The Monetary Authority of Singapore (MAS) stated that the bankrupt crypto exchange FTX does not operate in the country, Wu Blockchain reported on Nov. 14.
The Monetary Authority of Singapore (MAS) response to the FTX incident: https://t.co/VMoN0hPYvm pic.twitter.com/HizRtXXNvw
— Wu Blockchain (@WuBlockchain) November 14, 2022
The report noted that the embattled exchange was “neither licensed nor exempted from licensing in Singapore.”
It continued that the exchange could onboard Singapore users because authorities could not prevent its citizens from “directly accessing overseas service providers.”
Binance is not banned in Singapore
MAS also responded to speculations that it specifically targeted Binance with its regulatory effort, which allowed FTX to gain ground in the country.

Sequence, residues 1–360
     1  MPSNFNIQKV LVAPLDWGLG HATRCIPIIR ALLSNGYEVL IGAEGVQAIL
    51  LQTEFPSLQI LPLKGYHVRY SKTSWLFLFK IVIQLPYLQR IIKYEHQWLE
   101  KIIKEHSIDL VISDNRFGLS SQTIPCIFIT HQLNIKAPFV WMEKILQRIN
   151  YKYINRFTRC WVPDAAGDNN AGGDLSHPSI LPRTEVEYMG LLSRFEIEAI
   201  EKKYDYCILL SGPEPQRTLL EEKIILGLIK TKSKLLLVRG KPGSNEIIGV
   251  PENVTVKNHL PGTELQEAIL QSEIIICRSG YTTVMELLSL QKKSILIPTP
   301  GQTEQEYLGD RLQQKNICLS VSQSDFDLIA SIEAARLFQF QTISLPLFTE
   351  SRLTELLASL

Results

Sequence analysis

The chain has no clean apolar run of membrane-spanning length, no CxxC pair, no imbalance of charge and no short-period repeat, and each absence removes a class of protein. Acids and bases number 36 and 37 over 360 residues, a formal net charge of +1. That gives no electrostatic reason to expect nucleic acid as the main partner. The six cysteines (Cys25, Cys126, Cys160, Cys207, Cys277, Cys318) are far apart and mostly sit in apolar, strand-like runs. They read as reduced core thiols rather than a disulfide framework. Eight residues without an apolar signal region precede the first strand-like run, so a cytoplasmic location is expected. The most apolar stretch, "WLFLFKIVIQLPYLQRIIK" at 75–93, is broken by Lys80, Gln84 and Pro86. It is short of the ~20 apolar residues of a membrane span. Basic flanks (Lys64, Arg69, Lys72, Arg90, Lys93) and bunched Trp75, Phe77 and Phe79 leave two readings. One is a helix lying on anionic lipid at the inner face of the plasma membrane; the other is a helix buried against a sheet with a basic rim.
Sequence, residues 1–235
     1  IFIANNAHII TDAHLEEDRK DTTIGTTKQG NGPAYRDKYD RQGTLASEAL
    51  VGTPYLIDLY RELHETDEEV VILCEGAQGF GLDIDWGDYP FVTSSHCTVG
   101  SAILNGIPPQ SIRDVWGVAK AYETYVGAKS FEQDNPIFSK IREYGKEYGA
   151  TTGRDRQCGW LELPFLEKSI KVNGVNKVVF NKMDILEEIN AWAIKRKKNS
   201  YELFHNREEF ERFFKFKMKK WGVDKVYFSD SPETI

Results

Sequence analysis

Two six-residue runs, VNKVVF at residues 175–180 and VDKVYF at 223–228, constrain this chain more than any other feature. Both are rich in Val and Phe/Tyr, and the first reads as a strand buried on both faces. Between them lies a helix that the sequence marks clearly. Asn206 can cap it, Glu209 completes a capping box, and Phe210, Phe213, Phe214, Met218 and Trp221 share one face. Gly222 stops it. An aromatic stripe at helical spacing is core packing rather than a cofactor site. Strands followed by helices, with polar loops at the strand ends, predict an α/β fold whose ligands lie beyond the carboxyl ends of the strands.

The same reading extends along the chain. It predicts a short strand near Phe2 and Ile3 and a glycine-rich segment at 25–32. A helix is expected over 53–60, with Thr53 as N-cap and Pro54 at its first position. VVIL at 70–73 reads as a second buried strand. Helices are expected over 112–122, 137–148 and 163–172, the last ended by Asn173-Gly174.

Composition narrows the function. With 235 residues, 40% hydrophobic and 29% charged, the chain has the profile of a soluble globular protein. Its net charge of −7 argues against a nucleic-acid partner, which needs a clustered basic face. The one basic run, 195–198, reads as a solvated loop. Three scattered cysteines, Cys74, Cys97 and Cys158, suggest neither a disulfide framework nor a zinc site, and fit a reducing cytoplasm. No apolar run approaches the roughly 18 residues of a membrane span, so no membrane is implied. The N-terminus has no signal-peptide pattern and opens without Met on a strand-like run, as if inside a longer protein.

According to the regulator, it only lists entities that may be “wrongly perceived” as being regulated on its Investor Alert List (IAL), adding that while Binance was not banned in Singapore, the exchange does not “have the requisite license to solicit customers from Singapore and had to cease doing so.”
“It would not be meaningful for MAS to list all unlicensed entities on the IAL. MAS did not have cause to list FTX on the same basis as Binance.”
Quinone and FTX are separate entities
The financial regulator further clarified that Quinone, an FTX subsidiary that operates a Singapore-based liquid exchange, is a separate legal entity in the country.
According to the authorities, Quinone is currently exempted from licensing while its license application is under review. The regulator said it is reviewing the application carefully, considering recent developments.
The watchdog further added that it had not required FTX to migrate its Singapore users to Quoine.
Quinone is one of the 134 companies affected by FTX’s bankruptcy filing on Nov. 11.
FTX is currently under strict regulatory scrutiny. Bahamas’ financial watchdog said it did not direct nor authorize FTX to prioritize local withdrawals. The exchange is also facing a U.S. Securities and Exchange Commission probe over its handling of clients’ funds.
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